When In Doubt, Read More Books

So exactly one month ago, I moaned extensively about how all art lately has been making me sad. (Read it here if you can stand it.) Since then I’ve been taking my favorite cure–reading fiction. I asked for a bunch of books for Christmas, and I’ve been burning through them, reading every night. And I’m pleased to say, they’ve made me feel a whole bunch better.

So here’s what I’ve finished since January 2, 2018:

The Princess Bride by William Goldman

I’ve loved this book since I was a teenager. I read it years before the movie came out. That first time, all I really engaged was the story inside the story, Westley and Buttercup. I read it again as a grad student and was all about the postmodern narrative and how the fantasy story reflects the story of Goldman the writer as a character–much equating of Buttercup and the starlet in the pool. Now as a middle-aged writer myself facing all those same doubts, that’s the story I see. And it’s still great. I wish he’d never bothered with all the Buttercup’s Baby stuff, but that’s not up to me. It’s an evolving story, and it’s completely his.

Norse Mythology by Neil Gaiman

It is precisely what it reads on the cover–a very readable retelling of the high points of Norse mythology from the guy who wrote Stardust and American Gods (and many many other awesome written things). These ancient stories are told with intelligence and a whimsically twisted humor that should feel very familiar to anybody steeped in contemporary pop, goth, and geek culture. But while the tone feels current, the scale of the stories is still epic; it’s not hipster-lite mythology. I’m no scholar of the great sagas, but I would bet he gets the details right–that’s certainly the way it feels. Because these are myths, the characters are archetypes, but they’re all very specific and well-drawn–I rarely found myself referring to the glossary of names at the back; I usually remembered everyone once they were mentioned. I can’t say I particularly identified with them or felt any great emotional connection to them, but I enjoyed their tales very much. I read the whole book in a weekend. I would recommend it to anyone with an interest in Norse culture, especially young readers. Yeah, there’s some crazy, perverted stuff that goes on, but it’s all told in a matter-of-fact, humorous style that should keep any interested middle-schooler from being scarred for life.

Sing, Unburied, Sing by Jesmyn Ward

This one was so wrenching, I actually put it down halfway through, meaning to take a break from it, but I couldn’t. I ended up reading the second half straight through and ended up a soggy, emotional wreck–and a huge Jesmyn Ward fan. The best, truest, most heart-wrenching, most horrifying ghost story I’ve ever read. Deserving of all its awards, including last year’s National Book Award for best fiction book. But I was afraid I would have to spend the next month reading nothing stronger than Winnie the Pooh stories just to recover.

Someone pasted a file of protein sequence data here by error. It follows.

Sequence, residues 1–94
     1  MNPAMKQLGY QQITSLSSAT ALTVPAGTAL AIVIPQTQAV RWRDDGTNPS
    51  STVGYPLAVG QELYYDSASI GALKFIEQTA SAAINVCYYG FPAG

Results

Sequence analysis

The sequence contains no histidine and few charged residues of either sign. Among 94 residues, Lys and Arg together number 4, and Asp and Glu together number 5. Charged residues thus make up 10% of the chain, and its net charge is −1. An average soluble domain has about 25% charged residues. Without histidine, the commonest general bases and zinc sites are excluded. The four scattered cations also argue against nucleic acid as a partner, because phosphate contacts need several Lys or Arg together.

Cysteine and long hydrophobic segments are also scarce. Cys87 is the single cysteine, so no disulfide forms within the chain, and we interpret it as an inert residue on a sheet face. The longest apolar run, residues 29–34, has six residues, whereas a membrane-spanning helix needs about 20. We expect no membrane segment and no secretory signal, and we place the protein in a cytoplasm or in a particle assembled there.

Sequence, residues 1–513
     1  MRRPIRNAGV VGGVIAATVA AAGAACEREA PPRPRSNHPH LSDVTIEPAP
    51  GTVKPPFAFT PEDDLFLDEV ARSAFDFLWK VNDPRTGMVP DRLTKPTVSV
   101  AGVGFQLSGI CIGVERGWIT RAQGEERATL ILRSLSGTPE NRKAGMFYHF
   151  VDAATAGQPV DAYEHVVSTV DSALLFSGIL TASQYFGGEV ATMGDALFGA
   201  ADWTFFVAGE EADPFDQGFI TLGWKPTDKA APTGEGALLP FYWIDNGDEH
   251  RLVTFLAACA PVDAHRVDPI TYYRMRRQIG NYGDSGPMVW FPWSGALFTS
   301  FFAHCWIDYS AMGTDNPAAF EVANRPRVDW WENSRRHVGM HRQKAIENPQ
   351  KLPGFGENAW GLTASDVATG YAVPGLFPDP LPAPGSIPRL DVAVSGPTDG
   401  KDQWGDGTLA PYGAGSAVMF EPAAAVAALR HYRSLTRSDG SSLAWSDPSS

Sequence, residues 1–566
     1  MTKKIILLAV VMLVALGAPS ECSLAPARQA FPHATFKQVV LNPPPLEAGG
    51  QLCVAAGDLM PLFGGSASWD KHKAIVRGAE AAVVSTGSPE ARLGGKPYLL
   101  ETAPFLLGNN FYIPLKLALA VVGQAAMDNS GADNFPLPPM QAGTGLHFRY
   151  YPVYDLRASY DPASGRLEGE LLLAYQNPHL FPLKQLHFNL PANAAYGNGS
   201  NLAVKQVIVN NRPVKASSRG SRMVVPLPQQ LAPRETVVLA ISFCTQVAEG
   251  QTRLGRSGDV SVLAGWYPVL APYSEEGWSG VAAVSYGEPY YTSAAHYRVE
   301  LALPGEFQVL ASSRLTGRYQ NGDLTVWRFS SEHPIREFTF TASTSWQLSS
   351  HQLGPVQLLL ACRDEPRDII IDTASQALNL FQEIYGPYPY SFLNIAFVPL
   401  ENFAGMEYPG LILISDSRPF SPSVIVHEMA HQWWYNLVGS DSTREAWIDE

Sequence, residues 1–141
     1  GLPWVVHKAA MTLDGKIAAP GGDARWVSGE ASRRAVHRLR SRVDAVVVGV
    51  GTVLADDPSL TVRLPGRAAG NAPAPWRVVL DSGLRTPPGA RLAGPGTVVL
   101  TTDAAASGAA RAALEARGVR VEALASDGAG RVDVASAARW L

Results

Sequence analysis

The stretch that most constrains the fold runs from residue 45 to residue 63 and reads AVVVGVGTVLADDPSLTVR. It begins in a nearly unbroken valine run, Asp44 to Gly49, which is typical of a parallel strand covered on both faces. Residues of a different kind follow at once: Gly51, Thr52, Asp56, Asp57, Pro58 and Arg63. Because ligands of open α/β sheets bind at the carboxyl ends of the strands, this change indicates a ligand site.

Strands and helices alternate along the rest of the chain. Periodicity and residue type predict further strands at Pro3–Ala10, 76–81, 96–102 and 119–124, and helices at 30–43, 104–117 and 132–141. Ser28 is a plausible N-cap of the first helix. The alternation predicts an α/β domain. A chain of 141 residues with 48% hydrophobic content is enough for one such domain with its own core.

Leia, Princess of Alderaan by Claudia Gray

This was the first YA book I’ve read in a long time, and it’s a good one. Gray’s version of Leia at 16 is strong, smart, and winning while being both a realistic teenager and true to the character I know and love from the movies. And I was surprised by how exciting the plot was–this is no standard feisty princess tale; it’s a tense and well-paced Star Wars adventure. I would recommend it to young adults new to Leia’s story but also to older fans like me who have loved her since A New Hope.

Eligible by Curtis Sittenfeld

This is the easiest, most purely pleasurable reading experience I’ve had in quite a while, and I read a lot. The shorthand synopsis is that it’s a modern retelling of Pride and Prejudice, and it very much is. If you’re familiar with Austen’s famous novel, one of the pleasures of this book is seeing all the clever, twisty ways Sittenfeld has worked all the sparkling facets of the original into this new version. But even readers who have never touched eyes to Austen and wouldn’t on a bet will enjoy this story. Witty without ever being mean, hilarious without ever being stupid, and romantic without ever being schmaltzy, this is the modern woman’s romance for readers who loathe “chick lit.”

So that was my January. Right now I’m reading back and forth between The Briar King by Greg Keyes and Lovecraft Country by Matt Ruff–two great tastes that so far taste great together. And I also proofread an extremely fab anthology as part of my editing gig that I look forward to telling you all about when it releases. In the meantime, go to the bookstore. It really, really helps.